British astronaut Tim Peake blasts off on six-month mission
Six-hour trip will deliver Peake and two crewmates to space station
Britain’s astronaut Tim Peake says goodbye to his sons before boarding the 310-tonne ‘Soyuz’ rocket that would launch him into orbit. Photograph: Kirill Kudryavtsev/AFP/Getty Images
Russia’s Soyuz rocket blasts off from its launch pad at the Russian-leased Baikonur cosmodrome in Kazakhstan. Photograph: AFP Photo/ Kirill Kudryavtsev
The ‘Soyuz’ TMA-19M rocket: Its 26 million horsepower rocket engines burn 270 tonnes of kerosene and liquid oxygen to catch up with the space station, which circles the planet at 17,500mph. Photograph: Joel Kowsky/AFP/Getty Images
The 310-tonne Soyuz rocket launched into a clear blue sky over the Kazakh steppe at 11.03am GMT on a six-hour trip to deliver major Peake and his two crewmates to the orbiting station.
Travelling in the cramped Soyuz capsule with Peake are Nasa astronaut Tim Kopra and veteran Russian commander Yuri Malenchenko. They are arrived at the space station at 5.33pm GMT and opened the hatch to their new home two hours later.
The 26 million horsepower rocket engines burn 270 tonnes of kerosene and liquid oxygen to catch up with the space station, which circles the planet at 17,500mph, 400km above the surface.
Before take-off, Peake said farewell to his wife Rebecca and their two young sons from behind a glass screen that protects the astronauts from picking up infections ahead of their trip into space. He later waved and gave a thumbs up to his children from the bus that takes the astronauts to the launchpad.
As the crew suited up and got ready for launch, wellwishers sent Peake messages of good luck for the mission. Elton John, who released the track Rocket Man in 1972, said on Twitter: “From one Rocket Man to another, good luck @astro-timpeake with your launch and mission!”
Peake (43) was born in Chichester and worked as an army helicopter pilot and later a helicopter test pilot before being selected for the European astronaut corps in 2009.
Until his selection, the British government had a policy that opposed the funding of human space flight. His trip to the space station comes 24 years after Helen Sharman, a chemist from Sheffield, became the first Briton in space at the age of 27. She flew to the Russian Mir space station as part of a privately-funded venture.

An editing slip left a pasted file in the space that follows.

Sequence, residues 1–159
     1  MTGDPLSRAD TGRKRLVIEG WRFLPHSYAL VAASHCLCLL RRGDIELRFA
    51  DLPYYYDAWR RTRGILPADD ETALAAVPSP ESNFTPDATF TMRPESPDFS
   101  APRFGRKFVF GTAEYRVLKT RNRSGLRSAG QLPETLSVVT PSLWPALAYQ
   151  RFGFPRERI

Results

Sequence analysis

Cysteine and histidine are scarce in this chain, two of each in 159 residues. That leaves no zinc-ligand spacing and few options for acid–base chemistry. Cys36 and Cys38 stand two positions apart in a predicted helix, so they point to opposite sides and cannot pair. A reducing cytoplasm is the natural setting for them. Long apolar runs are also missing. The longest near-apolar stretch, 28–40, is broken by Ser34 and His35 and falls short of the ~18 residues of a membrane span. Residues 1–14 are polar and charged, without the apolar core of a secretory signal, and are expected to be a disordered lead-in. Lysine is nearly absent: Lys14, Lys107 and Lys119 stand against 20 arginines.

Peake’s mission, Principia, centres on dozens of scientific experiments to explore how the body adapts to space, how advanced materials form in weightless conditions, and trialling new technologies, including remote control systems for operating rovers on planetary surfaces.
Piers Sellers, a Sussex-born scientist who flew three missions as a Nasa astronaut, said: “It’s wonderful to finally see an official UK astronaut go into space – something that all the rest of us have hoped for for years. I sure that Tim Peake will do a great job on station and that thousands of British kids will follow his adventure and be inspired by it. The Apollo programme did that for me.”
The research Peake will carry out Peake will spend much of his 40-hour working week on science experiments. The International Space Station is the only laboratory where research can be done in a weightless environment and hundreds of experiments are ongoing or waiting to start.
To ensure astronauts are safe when in orbit, and in the future when they are sent on longer missions, researchers need to understand how space affects the brain and body.
Peake and his crewmates will experience 16 sunrises and sunsets every day, making it the perfect place to study body clocks. The research aims to find better ways to manage an astronaut’s sleep and waking hours. A mission to Mars could take 18 months. One experiment Peake will take part in will work out how much food astronauts need on such a long journey. Over the 11-day test, Peake will register what he eats and drink water laced with a heavy isotope of hydrogen, which allows scientists to see how his energy levels change.
Experiments are done on the outside too. Panels covered with lichen and hardy creatures called tardigrades have survived for months in the harsh radiation, vacuum and wildly varying temperatures of space. How they survive will help scientists understand if and where life might exist elsewhere in the universe.
– (Guardian service)